As far as I know, last Saturday night was the first time that a drone has been taking pictures anywhere near me. Perhaps I should explain. John and I were at the Wahoos’ game and the fireworks display was being filmed by Tower Drones. And, even though there was an amazing demonstration of fire, light and smoke in the sky overhead, I could not take my eyes off of the drone. It had green and red lights and moved in the sky as if it were directing its own course. I knew that there was a pilot on the ground and I knew that the camera was focused on the fireworks, but it made me really uncomfortable. There was no “off” button that I could push, or an “eject” switch to turn; I had no control over that object in the sky. In reality, the drone darted back and forth, changing altitude and position paying no attention to me.
What a silly situation – I was intimidated by a little flying camera. Have you been there? Have you felt that your space, your privacy has been invaded without your permission and perhaps without even your knowledge?
Being a leader means that your life is open to others in a way that non-leaders never know. That reality is more challenging because we all have areas of our lives that we would prefer others to not see, to not know. If you plan to lead, you need to understand that no matter what you desire – people will be interested in your life and they will talk about what they know about you and what they do not know about you.
My advice – be as open as you can be. Share (that means you both talk and listen) with others about your interests outside of work. Join in on the Monday morning conversation about the activities of the past weekend and the Friday afternoon discussion on upcoming plans. Let your personal work space provide little insights into what people and activities are important to you. And, make sure that your behaviors, language and attitudes are the same at work as they are at home.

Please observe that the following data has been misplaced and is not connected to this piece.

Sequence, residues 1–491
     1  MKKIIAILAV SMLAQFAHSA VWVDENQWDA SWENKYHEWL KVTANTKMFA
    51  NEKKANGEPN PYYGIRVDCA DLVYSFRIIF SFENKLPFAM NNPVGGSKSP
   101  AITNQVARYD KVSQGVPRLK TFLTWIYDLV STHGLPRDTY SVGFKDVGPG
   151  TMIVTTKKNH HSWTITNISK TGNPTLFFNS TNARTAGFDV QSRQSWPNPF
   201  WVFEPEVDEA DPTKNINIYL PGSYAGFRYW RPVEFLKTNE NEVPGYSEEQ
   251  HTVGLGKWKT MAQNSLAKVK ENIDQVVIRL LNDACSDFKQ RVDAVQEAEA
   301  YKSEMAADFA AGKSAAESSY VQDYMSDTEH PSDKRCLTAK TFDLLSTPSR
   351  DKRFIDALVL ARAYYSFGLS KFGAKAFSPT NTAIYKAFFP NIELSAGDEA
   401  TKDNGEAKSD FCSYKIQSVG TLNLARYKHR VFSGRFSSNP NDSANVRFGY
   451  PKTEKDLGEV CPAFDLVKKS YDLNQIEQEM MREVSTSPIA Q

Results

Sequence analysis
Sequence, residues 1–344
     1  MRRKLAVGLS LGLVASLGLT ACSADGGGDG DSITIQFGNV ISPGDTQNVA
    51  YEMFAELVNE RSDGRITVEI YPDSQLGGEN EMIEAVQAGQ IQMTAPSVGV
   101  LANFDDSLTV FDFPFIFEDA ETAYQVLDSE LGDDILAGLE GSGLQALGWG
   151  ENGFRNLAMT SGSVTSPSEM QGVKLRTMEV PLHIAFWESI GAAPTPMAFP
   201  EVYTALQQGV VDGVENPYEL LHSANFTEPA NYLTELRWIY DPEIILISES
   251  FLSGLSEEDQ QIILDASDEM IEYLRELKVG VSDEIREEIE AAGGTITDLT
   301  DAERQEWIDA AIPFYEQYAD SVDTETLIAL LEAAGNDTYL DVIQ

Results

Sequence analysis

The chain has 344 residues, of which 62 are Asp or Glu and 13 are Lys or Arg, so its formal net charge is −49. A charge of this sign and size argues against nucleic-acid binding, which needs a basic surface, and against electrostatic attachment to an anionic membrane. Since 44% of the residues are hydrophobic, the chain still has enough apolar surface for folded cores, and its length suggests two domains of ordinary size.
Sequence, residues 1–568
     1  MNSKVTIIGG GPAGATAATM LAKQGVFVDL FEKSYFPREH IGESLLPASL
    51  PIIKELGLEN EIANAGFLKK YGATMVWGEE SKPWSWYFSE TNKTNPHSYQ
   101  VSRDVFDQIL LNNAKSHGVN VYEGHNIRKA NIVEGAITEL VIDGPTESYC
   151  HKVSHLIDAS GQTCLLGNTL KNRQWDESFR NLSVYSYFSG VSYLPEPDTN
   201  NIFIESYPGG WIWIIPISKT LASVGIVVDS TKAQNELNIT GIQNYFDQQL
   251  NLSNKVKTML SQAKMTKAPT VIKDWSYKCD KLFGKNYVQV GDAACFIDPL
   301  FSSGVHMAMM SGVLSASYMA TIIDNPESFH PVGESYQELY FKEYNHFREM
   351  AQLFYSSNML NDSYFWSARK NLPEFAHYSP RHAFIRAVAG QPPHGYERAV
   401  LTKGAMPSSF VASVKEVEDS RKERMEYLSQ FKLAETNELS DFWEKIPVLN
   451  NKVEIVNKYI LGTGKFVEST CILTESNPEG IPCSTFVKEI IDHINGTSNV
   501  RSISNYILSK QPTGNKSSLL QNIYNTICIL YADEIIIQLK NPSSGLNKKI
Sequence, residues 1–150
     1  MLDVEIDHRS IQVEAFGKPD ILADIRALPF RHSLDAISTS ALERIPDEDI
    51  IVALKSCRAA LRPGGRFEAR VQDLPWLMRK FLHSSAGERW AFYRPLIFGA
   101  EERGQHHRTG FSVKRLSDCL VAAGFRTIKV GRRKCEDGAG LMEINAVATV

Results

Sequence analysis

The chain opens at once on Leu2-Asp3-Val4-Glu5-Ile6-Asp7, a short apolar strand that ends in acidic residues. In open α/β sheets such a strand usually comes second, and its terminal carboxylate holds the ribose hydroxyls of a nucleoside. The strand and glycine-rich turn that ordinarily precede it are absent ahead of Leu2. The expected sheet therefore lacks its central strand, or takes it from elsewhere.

I can almost hear you say, “Why does anyone have a right to know about my personal life?” People are smarter than we think; they already know a lot about you. For the things that they do not know, why don’t you lead them to the right image rather than let their imaginations run wild? A colleague once told me that I was rarely the target of silly rumors because all around me knew that I love my husband and family. Rumors couldn’t start because they had heard me tell them the truth. I have thought about my colleague’s comment many, many times. By sharing a little about my personal life, I had protected my work reputation. It gave me reason to think about more ways that I could share my life and to shape future discussions of home and family.
The Apostle Paul was a great role model. “For our boast is this, the testimony of our conscience that we behaved in the world with simplicity and godly sincerely, not by earthly wisdom but by the grace of God.” (2 Corinthians 1:12)
There will be observers (and, maybe even a drone or two) in our future. Let’s give them good things to talk about!
(By the way, want to see the Tower Drones’ video of fireworks at the Wahoos’ game? On Facebook, check out The Pensacola Blue Wahoos’ page or the Tower Drones’ page. You will also find the link on my Facebook page.)